iPad SDK Mining a Big Tease, But Let’s Stay Level-headed

After the rumor-fest surrounding Apple’s mystery device was stanched the moment Steve Jobs unveiled the iPad, a new trend has emerged; SDK Mining. This is the art of digging through the iPad’s operating system to uncover clues about hitherto-undisclosed functionality.

Since the iPad and iPhone SDKs are so very close in core functionality, SDK Miners have been trying to unearth something (anything!) we didn’t already know about the iPad. I suspect most people simply glance over these reports, shrug, and move on without comment. After all, we’re a bit tired of tablet rumors by now, right? But looking at some of the comments in the articles (linked below), there are some people who take it all very seriously indeed. And that’s probably a mistake, as I’ll explain shortly.

Before I do, here’s a quick rundown of what we think we know so far from the SDK Mining that has happened in the last five weeks.

January 29

Engadget confirmed that the OS SDK contained support for Video Calling, File Downloads, SMS and even Handwriting input;

We’re told that there are hooks to accept and decline a video conference, flip a video feed (which suggests a front-facing camera) and — most importantly — run the video call in either full screen mode or in just a portion of the screen. That means you’ll be able to chat and do other things at the same time, which could mean there’s at least some type of multitasking going on here.

Engadget’s Nilay Patel adds in an update;

…there’s a spell checker with multiple dictionaries and user-added entries (huzzah!), much richer text support for apps, the ability to selectively draw to external displays (using the VGA or component adapters, we’d imagine), location-aware ads in Maps and possibly other programs that use the Maps API, file upload ability in Safari, a modifiable cut / copy / paste menu, and, most interestingly, prototype support for a “handwriting keyboard.” Maybe we’ll see some stylus action on this thing after all.

In all, Patel lists no fewer than 18 new discoveries, though many of them are pretty dry and technical.

After that, things fell quiet for a while, until just this week.

February 20

9to5Mac reported discovering a set of icons in the 3.2 SDK it believes are “pretty definitive evidence” for video calling functionality in a future iPhone or iPad device.

Image by 9to5Mac

It also found strings of code that refer to iChat, too, but didn’t speculate further. It did say;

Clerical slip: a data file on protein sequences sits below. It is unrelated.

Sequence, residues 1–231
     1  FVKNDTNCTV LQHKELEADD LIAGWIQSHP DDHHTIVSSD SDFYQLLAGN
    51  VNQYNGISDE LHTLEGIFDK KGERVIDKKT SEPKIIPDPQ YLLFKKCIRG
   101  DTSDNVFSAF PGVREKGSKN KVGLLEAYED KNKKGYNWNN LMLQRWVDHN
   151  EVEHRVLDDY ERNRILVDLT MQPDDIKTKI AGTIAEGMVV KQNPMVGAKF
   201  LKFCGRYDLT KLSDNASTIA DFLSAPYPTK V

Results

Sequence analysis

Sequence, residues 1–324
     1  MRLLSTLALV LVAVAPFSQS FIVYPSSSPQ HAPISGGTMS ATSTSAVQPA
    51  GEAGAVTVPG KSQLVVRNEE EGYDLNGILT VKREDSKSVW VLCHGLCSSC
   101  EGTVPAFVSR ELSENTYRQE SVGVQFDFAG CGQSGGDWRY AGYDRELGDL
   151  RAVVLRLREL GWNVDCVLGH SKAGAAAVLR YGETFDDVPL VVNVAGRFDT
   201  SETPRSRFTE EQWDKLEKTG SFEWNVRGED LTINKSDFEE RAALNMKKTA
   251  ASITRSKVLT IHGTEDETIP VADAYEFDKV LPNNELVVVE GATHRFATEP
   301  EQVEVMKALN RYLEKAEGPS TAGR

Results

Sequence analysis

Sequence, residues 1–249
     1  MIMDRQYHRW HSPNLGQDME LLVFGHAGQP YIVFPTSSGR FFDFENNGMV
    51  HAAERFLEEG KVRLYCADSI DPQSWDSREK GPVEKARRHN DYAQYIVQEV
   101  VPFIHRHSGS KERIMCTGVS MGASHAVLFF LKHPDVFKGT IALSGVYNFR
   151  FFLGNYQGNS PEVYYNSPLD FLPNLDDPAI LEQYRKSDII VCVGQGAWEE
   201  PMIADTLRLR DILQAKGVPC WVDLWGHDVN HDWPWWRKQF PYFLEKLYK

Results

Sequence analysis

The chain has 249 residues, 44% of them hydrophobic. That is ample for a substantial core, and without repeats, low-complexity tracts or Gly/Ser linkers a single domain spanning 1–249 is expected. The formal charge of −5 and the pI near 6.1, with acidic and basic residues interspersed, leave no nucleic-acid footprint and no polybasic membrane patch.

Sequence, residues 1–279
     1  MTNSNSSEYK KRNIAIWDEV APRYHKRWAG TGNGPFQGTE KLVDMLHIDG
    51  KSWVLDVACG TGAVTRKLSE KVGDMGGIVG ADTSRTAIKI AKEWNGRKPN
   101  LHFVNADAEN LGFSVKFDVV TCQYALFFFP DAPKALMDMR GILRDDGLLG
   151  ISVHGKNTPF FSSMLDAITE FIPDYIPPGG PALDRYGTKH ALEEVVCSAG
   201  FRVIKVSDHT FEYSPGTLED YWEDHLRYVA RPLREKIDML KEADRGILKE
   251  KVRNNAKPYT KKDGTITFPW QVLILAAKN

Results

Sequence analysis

While it is possible that Apple brought code over from its Mac telephony products, it is unlikely that they also built icons and compressed them into the iPad SDK for such a product if it weren’t being built for future release.

February 23

MacRumor’s Arnold Kim added to the fresh wave of SDK Mining reports with this graphic of the icons used in the video chat functionality;

Image by MacRumors

Kim writes;

It seems Apple built in API support to test to see if your iPad had a Front Facing Camera, Zoom and a Camera Flash. The front facing camera would, of course, be used for video chat, while Zoom and Camera Flash are often requested features for the iPhone’s camera.

Given the size of these buttons, they were intended for use on the the iPad’s screen rather than the iPhone. We’re not sure why these features were dropped…

And finally, just today, MacNN brings us news of (wait for it) advanced wallpaper options.

Image by MacNN

Well. Be still my beating heart. From MacNN;

In the current iPad simulator, users can now set separate lock- and homescreen wallpapers, reflecting the iPad’s ability to keep wallpaper active while navigating icons. In case the difference doesn’t matter, another button applies the same wallpaper to both screens.

The Disappointment of SDK Mining

While it’s fun to poke-around in the code (in the absence of an actual iPad to play with, it’s the next best thing!), SDK Mining often leads to disappointment. An operating system — even a ‘small’ OS like the one found on the iPhone or iPad — is hugely complex. It’s the end-product of years of development. In that time, as hardware and software prototypes came-and-went, functionality was added and removed, supported and dropped, many times over. This is common to any OS development process.

We need to be careful when reading breathless reports of “hidden” functionality in the iPad (or iPhone) SDKs. In the reports above, the code references camera features, proving that, at some point, Apple’s developers seriously explored that functionality. That doesn’t mean a camera is guaranteed to appear on the iPad. (For instance, just because I once learned how to ride a bike, it doesn’t guarantee I’ll become an avid cyclist.)

So let’s enjoy the speculation — but not get too worked-up over what it might mean. After all, it might never happen.